This programme is looking for enthusiastic communities that want to make their backyards predator free and help native species thrive. There are no funding rounds currently open at the moment however, if you would like to be advised of future funding rounds, email us.
To be eligible to apply for funding a community should be a cluster of urban or rural households wanting to target rats, stoats, ferrets, weasels and possums. The programme doesn’t cover reserves, lifestyle blocks, farms, council or government land and excludes the use of toxins.
Kiwibank funding provides successful applicants with a subsidy on humane traps and pre-made tunnels and will help fund and provide support materials for your community programme. Humane traps have been tested and approved by the National Animal Welfare Advisory Committee (NAWAC).
Who can apply for Kiwibank funding?
Anyone can apply for funding – you don’t have to be a registered charity or conservation group. You just need to get together with a few like minded people in your community, work out what you’re aiming to do and how you plan to do it.
What support will we receive from PFNZ Trust?
We are here to help you facilitate and set-up your predator free community programme. Support may include helping to organise community meetings, setting up a Facebook page, account management services, purchase of products and provision of support materials. We will work with successful communities to figure out the best support for them.
Does funding cover both rural and urban communities?
Both rural and urban communities can apply, however it’s important to note that this programme doesn’t cover reserves, lifestyle blocks, farms, councils or government land and excludes the use of toxins.
How much funding could we potentially receive and what will it cover?
Successful applicants may receive up to $5,000. The amount you receive will depend on the size of your community and what you are trying to achieve. We will discuss individual needs with each successful community.
Kiwibank funds can be used to subsidise the purchase of traps and pre-made tunnels. Pre-trapping accessories, building supplies for making tunnels, advertising & marketing materials and some event costs (these by negotiation) can be purchased using Kiwibank funds. All traps available under this programme are NAWAC tested and approved.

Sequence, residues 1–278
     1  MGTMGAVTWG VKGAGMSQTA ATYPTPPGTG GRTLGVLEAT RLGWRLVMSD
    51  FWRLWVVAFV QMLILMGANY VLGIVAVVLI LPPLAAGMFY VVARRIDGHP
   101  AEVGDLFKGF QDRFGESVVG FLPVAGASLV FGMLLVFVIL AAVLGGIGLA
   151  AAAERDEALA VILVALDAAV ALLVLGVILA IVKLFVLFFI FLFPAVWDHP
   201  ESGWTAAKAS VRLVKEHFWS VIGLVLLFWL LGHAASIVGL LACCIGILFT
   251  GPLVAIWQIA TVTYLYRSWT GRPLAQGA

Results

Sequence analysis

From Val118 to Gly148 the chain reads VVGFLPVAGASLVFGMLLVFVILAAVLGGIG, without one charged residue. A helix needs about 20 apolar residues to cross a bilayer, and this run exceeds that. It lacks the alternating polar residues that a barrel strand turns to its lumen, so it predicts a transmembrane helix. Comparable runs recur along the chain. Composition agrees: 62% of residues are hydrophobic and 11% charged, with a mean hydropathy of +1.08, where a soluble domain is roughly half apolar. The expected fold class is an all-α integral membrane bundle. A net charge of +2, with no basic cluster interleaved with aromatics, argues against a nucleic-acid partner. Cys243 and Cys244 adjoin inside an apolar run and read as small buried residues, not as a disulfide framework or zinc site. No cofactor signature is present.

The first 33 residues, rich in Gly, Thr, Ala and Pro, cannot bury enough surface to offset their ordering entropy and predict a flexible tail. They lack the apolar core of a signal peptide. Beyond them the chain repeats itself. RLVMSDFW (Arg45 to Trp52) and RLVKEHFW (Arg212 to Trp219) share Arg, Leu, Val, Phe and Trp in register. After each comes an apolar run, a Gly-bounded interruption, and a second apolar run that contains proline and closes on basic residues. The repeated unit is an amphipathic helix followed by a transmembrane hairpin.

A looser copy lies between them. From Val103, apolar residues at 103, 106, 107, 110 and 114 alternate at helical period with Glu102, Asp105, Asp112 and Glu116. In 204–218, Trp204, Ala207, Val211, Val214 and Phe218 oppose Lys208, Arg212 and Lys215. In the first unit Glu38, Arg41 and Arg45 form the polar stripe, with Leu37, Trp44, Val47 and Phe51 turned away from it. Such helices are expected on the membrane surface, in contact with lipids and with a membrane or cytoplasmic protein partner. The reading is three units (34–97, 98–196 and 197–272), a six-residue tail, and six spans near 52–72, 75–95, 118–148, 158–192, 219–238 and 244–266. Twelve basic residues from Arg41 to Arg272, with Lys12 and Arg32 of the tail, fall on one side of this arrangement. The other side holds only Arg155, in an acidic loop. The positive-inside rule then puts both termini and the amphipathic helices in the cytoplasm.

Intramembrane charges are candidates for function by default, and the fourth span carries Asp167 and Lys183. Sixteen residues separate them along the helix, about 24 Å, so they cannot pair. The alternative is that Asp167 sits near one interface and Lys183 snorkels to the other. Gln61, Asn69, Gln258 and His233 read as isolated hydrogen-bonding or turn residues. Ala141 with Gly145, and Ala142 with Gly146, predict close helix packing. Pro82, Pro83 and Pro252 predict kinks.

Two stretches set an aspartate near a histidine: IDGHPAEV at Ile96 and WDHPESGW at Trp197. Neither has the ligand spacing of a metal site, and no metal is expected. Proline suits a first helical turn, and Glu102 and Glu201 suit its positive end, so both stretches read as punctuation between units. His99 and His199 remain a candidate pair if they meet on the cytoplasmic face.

What is NAWAC?
In New Zealand humane traps are those approved by the National Animal Welfare Advisory Committee (NAWAC). PFNZ and Kiwibank only endorse the use of NAWAC tested and approved predator traps. We believe the most effective and humane way of eradicating predators is to kill instantly. NAWAC tested traps meet the highest humane standard, use scientific & technical knowledge in testing and follow good practice to meet community expectations.
How does the subsidy work?
Kiwibank and PFNZ require Kiwibank Predator Free communities to offer affordable traps rather than free traps. Prior experience has shown us that if people have to invest a small amount in their trap they show more ownership and continue trapping for longer than if they are given free traps. In some communities this investment might be in time rather than financially.
How do we source products?
PFNZ will provide account management services to successful communities, including the purchase and supply of products.
Kiwibank are sponsoring this programme, what are their expectations?
Both Kiwibank and PFNZ are keen to share your stories about your predator activities – the good, the back and the ugly. This helps others learn from your experiences and may encourage other communities to take up the predator free challenge.
We are keen to know how you are doing i.e. are you making any progress? So they are interested in seeing your results, the changes you are noticing etc.
Kiwibank staff are keen to help support this movement, so if you need some extra hands your local Kiwibank staff could be keen to be involved.
What about pets?
Great care is being taken to avoid harm to our pets. All the rat traps we supply come in tunnels that protect pets (and kids) from the trap itself.
As the leader/coordinator of the group what If my circumstances change or I want to handover responsibility?
This is a great question and something worth considering when setting up your community group and making your plan. You need to think about the support around you. It often works if there are a couple of leaders so there is a bit of backup. You can’t do it all on your own so it helps to have a few people around you to encourage others to get involved